Undeniably he succeeded in impregnating over and over again an apparently simple yet inimitable matrix whose offspring, whether very large sculptures or a few modest lines on paper, were his alone. The 'Arpshape', a term once fashionable in architectural circles, is immediately recognisable and, equally, inimitable. (p. 404)

George Melly, "Arpshape," in New Statesman, (© 1974 The Statesman & Nation Publishing Co. Ltd.), March 22, 1974, pp. 404, 406.

Arp's French language poetry has never been given more than a brief introduction or a rapid "appreciation," usually by other artists, in spite of the fact that two major collections of his work appeared during his lifetime. Le Siège de l'air (Paris, 1946) contains all his published French poetry from 1915 to 1945, some with important revisions and additions, and a few translations of his German poetry. The second volume, Marcel Jean's careful and thorough edition of the entire volume of Arp's poetry (with a few exceptions), appeared in December 1966 under the title Jours effeuillés: Poèmes, essais, souvenirs, 1920–1965…. Included in the volume are many previously unpublished poems from 1961 to 1964, as well as many translations from the German. As in German, Arp frequently revised or rewrote his poetry and republished it under the same or different titles. Thus many poems appear twice in Jours effeuillés, in slightly different versions. (p. 159)

In general, one can divide the French poetry into two periods, before and after 1957, with a transitional period in the late 1940s and early 1950s. In the French poetry, broadly speaking, there is no marked period of radical experimentation with language, as there is in German during the dada era, and although the later poetry is more conventional, there is a more even and continuous flow of innovative writing and experimentation with form. One might say there is no dada style in the French poetry, that it begins as surrealistic poetry, and that furthermore it remains largely surrealistic in style. This is perhaps partly due to the fact that the earliest French poems (excluding prose pieces and translations) date from the early thirties. The poetry of the 1930s and 1940s is characterized by unexpected images, the strangest possible word combinations, and punning. Basic order—such as time and the size of things—is entirely disrupted. During the transitional period there is slightly less word play and less consciousness of language than in the first period. After 1957 images are less disjointed, or have a greater life span, although they are still constructed with unusual combinations of words, and reference to reality is less disturbed. There is in fact a new style. Lighter, more lyrical, more obscure in the conventional modern manner, childish or foolish sometimes, coquettish and coy, often humorous, this poetry is certainly a degenerative aspect of Arp's style. (p. 160)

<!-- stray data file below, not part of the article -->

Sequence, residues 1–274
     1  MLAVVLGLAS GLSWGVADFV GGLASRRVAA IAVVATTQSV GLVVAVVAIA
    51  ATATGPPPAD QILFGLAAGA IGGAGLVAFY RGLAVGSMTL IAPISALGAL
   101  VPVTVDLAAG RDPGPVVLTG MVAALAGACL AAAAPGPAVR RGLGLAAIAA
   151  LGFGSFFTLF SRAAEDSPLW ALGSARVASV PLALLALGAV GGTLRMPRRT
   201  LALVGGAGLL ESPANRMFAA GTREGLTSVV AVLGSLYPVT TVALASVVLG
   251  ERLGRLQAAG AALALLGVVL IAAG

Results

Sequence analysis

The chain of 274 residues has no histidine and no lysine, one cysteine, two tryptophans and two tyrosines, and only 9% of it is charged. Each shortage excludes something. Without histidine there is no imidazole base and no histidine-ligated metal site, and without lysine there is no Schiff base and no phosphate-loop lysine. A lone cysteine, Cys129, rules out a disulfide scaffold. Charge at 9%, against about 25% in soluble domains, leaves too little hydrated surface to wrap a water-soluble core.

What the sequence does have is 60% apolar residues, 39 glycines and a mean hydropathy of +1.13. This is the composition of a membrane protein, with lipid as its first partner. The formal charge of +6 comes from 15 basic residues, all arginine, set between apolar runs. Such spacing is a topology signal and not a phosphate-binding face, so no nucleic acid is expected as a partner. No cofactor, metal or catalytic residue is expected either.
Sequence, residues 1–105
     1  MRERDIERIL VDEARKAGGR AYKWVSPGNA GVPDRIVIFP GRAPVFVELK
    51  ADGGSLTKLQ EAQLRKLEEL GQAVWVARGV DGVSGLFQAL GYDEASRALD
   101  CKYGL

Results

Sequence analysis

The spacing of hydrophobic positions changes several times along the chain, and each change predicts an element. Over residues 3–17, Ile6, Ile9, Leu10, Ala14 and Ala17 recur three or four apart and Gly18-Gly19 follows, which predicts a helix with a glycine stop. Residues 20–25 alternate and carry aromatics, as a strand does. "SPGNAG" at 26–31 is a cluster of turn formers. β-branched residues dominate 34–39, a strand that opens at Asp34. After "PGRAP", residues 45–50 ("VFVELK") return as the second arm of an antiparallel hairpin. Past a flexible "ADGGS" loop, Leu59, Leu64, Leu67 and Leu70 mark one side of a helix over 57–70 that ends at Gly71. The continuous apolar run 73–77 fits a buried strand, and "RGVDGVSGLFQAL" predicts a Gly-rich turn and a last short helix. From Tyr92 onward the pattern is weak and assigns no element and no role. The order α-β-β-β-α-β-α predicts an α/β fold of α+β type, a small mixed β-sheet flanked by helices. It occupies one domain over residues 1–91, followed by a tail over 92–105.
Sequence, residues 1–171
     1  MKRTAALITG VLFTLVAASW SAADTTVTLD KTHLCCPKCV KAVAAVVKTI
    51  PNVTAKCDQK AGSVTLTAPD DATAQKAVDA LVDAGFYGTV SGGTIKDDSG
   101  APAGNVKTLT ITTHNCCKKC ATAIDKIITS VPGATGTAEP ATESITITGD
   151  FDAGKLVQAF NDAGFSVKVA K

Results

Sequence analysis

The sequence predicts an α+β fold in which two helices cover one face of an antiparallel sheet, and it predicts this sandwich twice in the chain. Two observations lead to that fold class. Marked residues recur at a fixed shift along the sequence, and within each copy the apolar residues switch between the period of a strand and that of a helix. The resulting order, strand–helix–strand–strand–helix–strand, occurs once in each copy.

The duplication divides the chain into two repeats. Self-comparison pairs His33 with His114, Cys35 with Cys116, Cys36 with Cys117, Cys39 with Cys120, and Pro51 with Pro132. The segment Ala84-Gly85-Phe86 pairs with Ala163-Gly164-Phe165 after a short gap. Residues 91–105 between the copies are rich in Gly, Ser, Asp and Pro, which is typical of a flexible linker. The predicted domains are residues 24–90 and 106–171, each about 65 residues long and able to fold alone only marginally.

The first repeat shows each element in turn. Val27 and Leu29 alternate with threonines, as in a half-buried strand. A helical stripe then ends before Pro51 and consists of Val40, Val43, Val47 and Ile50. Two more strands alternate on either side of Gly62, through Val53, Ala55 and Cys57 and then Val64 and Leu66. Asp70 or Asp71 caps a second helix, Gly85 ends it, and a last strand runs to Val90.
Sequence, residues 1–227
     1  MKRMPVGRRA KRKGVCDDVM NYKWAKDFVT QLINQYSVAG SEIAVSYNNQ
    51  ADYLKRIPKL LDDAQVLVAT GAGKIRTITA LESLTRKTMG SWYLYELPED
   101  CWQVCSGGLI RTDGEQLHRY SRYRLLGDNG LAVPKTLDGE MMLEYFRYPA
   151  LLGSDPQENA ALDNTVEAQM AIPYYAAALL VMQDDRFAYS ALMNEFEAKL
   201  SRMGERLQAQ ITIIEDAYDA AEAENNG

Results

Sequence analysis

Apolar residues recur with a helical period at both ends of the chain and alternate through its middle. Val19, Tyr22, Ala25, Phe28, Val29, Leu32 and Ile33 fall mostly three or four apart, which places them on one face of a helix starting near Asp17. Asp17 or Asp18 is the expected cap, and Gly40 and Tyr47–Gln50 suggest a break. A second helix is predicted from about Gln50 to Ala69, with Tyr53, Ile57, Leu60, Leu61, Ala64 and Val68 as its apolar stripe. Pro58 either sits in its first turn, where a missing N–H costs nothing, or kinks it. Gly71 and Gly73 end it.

Obscure, anomalous, and perplexing at first glance, the French poetry prior to 1957 has an overall characteristic of universal strangeness. The reader must enter a state of poetic receptiveness removed from external reality, abandoning familiar landscapes and feelings. The reality of the poet's life has very little connection with his poetic manifestations, and although there are familiar objects—moustaches, flies, chairs, navels, butterflies, air—they are displaced from their normal contexts and constitute a unity of their own…. To the extent that most poems partake of this world of objects, they maintain a coherent structure. That is, they create an internal reality. Some poems refer to the "reality" depicted in another poem—for example, "Notre petit continent" and "Les habitants du continent des chas sans aiguilles." But throughout there is a strong impression of discontinuity, and a space between stanzas (if one may call them that) often represents a break in the structure of internal reality. In fact, by far the greatest number of poems combine such divergent images as to create an impression of irreality, an important characteristic of surrealist poetry in general, to which I shall return.

The poetic techniques described in this paper are more prevalent in the earlier period, although it would be misleading to believe that Arp's style radically changed. There is never an obvious break between "nonsense poetry" and "meaningful poetry." Some of the later poems could easily fit into the earlier period, and some techniques, such as the innovative use of sound association, are maintained throughout. (p. 161)